Pop quiz: You’ve got two sales managers, each with 10 reps on their team. Manager 1 achieves 100 percent of his goal every quarter while Manager 2 achieves just 75 percent. Which is the better manager?

The obvious answer is Manager 1, right? And because it seems so obvious, most companies will end the inquiry there. If a manager consistently makes his or her numbers, few leaders will take the time to dig any deeper. But our research suggests that companies need to do exactly that. To truly understand manager performance, you need to look behind the revenue curtain at individual rep performance.

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This insight came to light as we were analyzing data from our ongoing Sales Management Practices Study — an extensive examination of more than 500 business-to-business sales managers. As an exercise, we ranked the managers by percentage of their team’s revenue target achieved during the previous year, then grouped them into the top 25 percent, middle 50 percent and bottom 25 percent of performers.

On average, the group of top performers achieved 115 percent of their targets, the middle half reached 99 percent and the bottom group of managers achieved only 76 percent of their goals. The middle and bottom groups, in other words, were essentially Manager 1 and Manager 2 from the quiz above. Still looks like Manager 1 is the better manager, right? Not so fast.

We then turned our attention to a different measure of sales manager performance — the percentage of their reps that achieved individual quotas. The results were shocking: the performance of the bottom and middle groups of managers  was roughly equal. In the bottom quartile, 47 percent of the managers’ reps made quota versus 48 percent for the middle half of managers. Only one percentage point — a statistical tie — separated the effectiveness of average and low-performing managers. And both fall far short of the top quartile of managers, where 65 percent of reps were achieving their individual goals.

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There are a couple of important revelations in this data. The first is that many mediocre managers are being propped up by a few superstar reps. Just do the math: if Manager 1’s team is making 99 percent of target and Manager 2’s team is making 74 percent of target but both teams have roughly the same percentage of reps making quota, this means Manager 1 has a few star performers who are hitting their numbers out of the park, boosting the team’s overall performance and creating the appearance of being well led. But it’s a mirage. Both Manager 1 and Manager 2 are equally ineffective at helping their individual salespeople succeed.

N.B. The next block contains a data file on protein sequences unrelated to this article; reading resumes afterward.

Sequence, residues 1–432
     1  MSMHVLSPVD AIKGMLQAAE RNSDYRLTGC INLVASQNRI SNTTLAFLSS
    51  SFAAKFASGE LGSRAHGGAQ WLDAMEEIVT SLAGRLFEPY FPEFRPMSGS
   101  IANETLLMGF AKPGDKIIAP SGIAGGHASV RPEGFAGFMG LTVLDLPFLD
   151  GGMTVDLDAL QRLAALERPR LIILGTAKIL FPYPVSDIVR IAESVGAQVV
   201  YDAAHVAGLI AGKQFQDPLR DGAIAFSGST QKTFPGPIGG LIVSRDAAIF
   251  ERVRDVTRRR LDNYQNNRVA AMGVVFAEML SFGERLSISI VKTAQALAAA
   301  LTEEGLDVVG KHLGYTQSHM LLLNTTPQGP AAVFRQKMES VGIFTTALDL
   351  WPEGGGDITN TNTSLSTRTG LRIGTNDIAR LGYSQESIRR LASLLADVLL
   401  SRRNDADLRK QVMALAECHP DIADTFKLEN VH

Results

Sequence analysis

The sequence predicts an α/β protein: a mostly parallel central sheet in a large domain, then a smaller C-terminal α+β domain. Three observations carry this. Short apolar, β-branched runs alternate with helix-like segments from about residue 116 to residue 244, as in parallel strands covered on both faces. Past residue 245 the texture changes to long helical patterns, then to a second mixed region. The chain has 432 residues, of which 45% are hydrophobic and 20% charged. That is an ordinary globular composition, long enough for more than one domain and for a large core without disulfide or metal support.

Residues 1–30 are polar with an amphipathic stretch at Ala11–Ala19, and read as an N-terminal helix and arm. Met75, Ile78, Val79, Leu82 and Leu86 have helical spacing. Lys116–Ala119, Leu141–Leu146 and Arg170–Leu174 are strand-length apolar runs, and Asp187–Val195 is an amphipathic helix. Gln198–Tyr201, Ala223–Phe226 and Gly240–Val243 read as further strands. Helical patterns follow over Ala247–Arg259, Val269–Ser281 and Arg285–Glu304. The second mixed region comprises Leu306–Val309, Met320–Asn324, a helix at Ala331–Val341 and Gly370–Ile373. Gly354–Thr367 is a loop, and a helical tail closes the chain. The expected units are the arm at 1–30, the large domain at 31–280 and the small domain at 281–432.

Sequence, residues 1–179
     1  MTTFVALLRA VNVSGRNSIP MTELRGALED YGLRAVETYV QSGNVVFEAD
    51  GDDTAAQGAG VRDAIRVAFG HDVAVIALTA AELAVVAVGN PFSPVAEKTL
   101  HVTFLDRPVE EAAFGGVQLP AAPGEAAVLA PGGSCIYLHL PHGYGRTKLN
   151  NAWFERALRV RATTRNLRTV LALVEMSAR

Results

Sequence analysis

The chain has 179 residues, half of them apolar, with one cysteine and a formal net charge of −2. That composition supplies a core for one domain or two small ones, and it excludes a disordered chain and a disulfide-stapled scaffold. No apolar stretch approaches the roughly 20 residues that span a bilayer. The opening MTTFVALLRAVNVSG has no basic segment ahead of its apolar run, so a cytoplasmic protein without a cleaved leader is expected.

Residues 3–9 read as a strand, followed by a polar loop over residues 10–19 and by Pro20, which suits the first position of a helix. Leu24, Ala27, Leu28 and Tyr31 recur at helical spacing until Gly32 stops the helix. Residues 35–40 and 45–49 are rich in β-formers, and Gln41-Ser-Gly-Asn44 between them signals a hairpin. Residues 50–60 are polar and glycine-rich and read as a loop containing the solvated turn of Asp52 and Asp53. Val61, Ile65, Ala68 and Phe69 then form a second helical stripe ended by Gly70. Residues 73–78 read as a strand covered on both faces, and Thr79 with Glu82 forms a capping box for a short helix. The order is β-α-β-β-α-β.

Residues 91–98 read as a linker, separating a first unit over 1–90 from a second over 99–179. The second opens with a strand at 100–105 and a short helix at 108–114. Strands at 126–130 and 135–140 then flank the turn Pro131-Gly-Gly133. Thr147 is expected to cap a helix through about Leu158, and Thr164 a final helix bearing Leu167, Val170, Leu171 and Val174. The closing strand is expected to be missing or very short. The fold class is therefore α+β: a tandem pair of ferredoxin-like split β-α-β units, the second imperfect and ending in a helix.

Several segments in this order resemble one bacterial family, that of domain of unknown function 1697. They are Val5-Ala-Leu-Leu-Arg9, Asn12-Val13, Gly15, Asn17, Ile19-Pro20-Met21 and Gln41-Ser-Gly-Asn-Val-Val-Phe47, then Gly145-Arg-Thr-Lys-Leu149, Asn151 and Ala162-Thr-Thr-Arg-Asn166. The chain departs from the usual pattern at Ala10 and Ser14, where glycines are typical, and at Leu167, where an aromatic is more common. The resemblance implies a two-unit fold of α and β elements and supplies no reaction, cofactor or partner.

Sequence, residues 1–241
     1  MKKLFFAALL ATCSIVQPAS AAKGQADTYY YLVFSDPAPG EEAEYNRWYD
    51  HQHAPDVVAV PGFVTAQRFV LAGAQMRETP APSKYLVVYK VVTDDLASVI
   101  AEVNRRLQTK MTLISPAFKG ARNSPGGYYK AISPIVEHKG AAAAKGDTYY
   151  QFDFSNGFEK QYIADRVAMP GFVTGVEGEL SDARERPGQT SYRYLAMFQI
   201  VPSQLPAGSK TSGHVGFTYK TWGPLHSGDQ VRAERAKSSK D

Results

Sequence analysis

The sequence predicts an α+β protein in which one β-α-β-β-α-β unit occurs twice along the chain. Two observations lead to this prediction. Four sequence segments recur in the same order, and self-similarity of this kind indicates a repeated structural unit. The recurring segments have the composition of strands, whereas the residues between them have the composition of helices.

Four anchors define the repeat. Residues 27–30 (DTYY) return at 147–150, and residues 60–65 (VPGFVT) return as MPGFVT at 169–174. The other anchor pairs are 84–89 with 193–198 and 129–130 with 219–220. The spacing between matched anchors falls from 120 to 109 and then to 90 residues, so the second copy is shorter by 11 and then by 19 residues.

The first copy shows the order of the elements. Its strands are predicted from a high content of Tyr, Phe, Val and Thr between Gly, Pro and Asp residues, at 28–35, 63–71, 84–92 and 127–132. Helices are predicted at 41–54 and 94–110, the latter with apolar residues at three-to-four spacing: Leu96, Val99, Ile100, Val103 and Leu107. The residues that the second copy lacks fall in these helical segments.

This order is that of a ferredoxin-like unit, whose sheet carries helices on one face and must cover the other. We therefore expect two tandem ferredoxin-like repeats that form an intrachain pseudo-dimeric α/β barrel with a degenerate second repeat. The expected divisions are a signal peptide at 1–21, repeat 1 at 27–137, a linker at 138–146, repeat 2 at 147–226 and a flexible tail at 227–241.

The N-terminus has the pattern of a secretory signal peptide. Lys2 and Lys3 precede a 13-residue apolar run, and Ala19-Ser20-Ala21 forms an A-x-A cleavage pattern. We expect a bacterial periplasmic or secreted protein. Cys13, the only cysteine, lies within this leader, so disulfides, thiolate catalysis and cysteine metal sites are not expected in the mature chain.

The second idea here is that sales managers should be measured not just by whether they achieve their overall team goals, but also on the percentage of their direct reports who achieve their goals. We think a sales manager’s job is to elevate the performance of each and every team member by coaching and developing sales capability. If half of a manager’s team consistently fails to hit their numbers, then that manager is consistently failing to do his or her job. If one or two rock stars on the team keep dragging a manager across the finish line, that’s great for the company — but not for the other team members left behind.

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Interestingly, we’ve begun to notice more and more of our clients measuring their managers on the percentage of reps who make their quotas and it’s providing great visibility into which managers are truly great and which are only so-so. This "no rep left behind" approach to performance measurement has many advantages over the more blunt measure of overall team performance, but the most important advantage is this: It puts a sharp focus on the critical management task of coaching and developing individual rep capability.

If you want your organization to perform at or below target, our research suggests you can get by with only half of your reps achieving quota. But if you want to blow away your organization’s revenue targets, you have to bring more reps along with you. Or stated more accurately, your frontline managers have to bring more reps along with them. It’s probably worth taking a look to see if a few rock star salespeople are disguising mediocre management in your own organization. If so, it’s time to shine the spotlight on the capabilities of their managers.

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